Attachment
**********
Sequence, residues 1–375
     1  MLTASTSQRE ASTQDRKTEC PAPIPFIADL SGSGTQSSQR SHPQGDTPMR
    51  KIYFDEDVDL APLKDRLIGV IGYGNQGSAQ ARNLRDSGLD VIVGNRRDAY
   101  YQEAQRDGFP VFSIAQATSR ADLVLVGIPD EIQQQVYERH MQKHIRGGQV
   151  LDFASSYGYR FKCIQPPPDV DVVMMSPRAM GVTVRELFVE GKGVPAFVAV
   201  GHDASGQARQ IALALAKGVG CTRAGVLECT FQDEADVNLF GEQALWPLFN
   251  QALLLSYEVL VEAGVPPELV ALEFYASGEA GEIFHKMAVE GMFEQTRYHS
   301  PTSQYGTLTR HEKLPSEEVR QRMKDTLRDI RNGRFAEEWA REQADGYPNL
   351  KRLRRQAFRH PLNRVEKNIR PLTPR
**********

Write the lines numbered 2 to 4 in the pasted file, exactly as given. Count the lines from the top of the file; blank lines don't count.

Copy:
     1  MLTASTSQRE ASTQDRKTEC PAPIPFIADL SGSGTQSSQR SHPQGDTPMR
    51  KIYFDEDVDL APLKDRLIGV IGYGNQGSAQ ARNLRDSGLD VIVGNRRDAY
   101  YQEAQRDGFP VFSIAQATSR ADLVLVGIPD EIQQQVYERH MQKHIRGGQV